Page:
World Bulletin / News Desk
The swearing-in ceremony was held at the parliament house in the capital Islamabad with Sardar Ayaz Sadiq, the outgoing speaker, administering the oath. Parliamentarians took to their feet when the national anthem was played.
The ceremony coincided with the beginning of another corruption trial against three-time ex-Premier Nawaz Sharif, who has already been sentenced to 10 years in jail for owning four posh apartments in London.
Prominent parliamentarians sworn in include Prime-Minister-in-waiting Imran Khan, former President Asif Zardari, Pakistan Muslim League (of Sharif) head Shehbaz Sharif, former Prime Minister Raja Pervez Ashraf, center-left Pakistan Peoples Party (PPP) leader Bilawal Bhutto Zardari, and Speaker-designate Asad Qaiser.
Donned in a traditional white shalwar-kameez, Khan, whose center-right Pakistan Tehreek-e-Insaf (PTI) emerged as the single largest party in the July 25 elections, sat in the front row as parliamentarians kept coming to greet him on his election success.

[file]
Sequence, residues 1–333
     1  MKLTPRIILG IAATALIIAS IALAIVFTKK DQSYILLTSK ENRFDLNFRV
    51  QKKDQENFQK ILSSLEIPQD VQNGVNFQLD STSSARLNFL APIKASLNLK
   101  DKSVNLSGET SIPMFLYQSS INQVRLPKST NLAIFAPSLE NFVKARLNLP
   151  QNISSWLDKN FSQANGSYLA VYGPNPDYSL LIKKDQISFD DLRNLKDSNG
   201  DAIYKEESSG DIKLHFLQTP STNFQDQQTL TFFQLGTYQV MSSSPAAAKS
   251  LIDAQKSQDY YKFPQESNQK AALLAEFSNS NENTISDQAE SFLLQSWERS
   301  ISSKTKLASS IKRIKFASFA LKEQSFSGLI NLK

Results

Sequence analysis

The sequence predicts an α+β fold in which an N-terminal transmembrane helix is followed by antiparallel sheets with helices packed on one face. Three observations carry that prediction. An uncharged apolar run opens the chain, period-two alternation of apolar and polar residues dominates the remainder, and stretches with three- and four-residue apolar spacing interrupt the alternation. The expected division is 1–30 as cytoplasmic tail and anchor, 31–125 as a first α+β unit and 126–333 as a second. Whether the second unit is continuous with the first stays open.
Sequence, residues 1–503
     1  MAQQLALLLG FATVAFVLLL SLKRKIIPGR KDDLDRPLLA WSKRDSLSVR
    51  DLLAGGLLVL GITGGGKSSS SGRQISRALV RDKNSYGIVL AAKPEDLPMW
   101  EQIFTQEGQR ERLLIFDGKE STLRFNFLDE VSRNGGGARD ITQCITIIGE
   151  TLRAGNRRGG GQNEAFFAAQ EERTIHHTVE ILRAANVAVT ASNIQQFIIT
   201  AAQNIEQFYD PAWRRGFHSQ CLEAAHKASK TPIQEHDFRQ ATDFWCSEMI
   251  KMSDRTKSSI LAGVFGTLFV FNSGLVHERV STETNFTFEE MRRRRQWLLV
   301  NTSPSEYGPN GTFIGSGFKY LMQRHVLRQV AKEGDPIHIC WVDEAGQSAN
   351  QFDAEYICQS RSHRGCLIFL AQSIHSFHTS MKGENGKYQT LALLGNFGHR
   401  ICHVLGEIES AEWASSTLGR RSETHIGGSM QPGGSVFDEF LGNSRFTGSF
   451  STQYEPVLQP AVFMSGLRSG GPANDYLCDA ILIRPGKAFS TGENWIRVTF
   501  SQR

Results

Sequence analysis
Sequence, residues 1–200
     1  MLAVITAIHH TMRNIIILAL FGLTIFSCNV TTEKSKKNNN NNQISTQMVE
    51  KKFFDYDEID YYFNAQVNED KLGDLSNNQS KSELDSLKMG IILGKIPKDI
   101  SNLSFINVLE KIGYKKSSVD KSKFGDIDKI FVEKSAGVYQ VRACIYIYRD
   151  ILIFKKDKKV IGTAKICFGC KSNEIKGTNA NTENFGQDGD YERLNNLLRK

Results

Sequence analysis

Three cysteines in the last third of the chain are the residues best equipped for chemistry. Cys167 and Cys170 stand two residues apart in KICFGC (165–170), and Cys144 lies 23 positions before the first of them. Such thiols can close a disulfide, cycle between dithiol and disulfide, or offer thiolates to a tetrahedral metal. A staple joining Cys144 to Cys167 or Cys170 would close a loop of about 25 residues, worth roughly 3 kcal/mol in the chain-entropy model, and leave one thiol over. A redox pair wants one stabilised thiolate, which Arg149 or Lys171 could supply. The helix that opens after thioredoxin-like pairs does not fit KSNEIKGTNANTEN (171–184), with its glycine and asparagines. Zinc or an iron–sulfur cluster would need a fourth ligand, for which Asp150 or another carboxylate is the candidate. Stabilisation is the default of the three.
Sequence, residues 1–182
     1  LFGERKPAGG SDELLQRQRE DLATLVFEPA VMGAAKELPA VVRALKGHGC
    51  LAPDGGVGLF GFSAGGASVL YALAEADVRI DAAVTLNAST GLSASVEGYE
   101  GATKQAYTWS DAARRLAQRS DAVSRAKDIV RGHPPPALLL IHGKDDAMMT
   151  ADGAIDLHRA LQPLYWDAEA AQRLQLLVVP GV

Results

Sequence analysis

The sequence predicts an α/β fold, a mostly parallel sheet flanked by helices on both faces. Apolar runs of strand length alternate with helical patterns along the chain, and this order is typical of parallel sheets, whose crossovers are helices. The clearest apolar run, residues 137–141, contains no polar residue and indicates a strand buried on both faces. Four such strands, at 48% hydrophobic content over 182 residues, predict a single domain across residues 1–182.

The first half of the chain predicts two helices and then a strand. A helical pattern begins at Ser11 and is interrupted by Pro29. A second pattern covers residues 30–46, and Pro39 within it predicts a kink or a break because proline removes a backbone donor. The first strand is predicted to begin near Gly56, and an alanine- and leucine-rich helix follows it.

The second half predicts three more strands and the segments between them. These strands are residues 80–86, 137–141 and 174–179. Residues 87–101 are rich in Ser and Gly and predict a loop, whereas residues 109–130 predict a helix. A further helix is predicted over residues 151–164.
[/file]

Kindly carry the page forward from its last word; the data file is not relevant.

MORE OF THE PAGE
Bilawal Bhutto was the only prominent opposition leader who briefly shook hands with Khan, while others chose to distance themselves from the firebrand leader, who is famous for his aggressive language and public bashing of his political opponents.
The house will re-convene on Aug. 15 to elect the new speaker and deputy speaker, whereas election for the prime minister are likely to be held on Aug. 16. The new premier will take the oath of office on Aug. 18.
Three out of four provincial assemblies -- Sindh, Balochistan and Khyber Pakhtunkhawa -- were also sworn in in Karachi, Quetta, and Peshawar on Monday. The Punjab Assembly is to follow on Aug. 15.
The PTI leads with 158 seats in the 342-member house, according to final results announced by Pakistan’s Election Commission.
The PML(N) trailed in second with 82 seats, while the PPP and MMA got 53 and 15 seats, respectively.
The opposition parties have already formed an 11-party Grand Opposition Alliance which has rejected the election results and vowed to continue their protests across the country, apart from demanding that the election commission officials step down.
The commission, however, has rejected the opposition demands, calling the elections free and fair.
Not only the opposition parties, but also several international media outlets and observers -- such as the European Union Observers Mission -- have found “irregularities” in the pre- and post-election process, including a lack of a “level playing field for all participants”.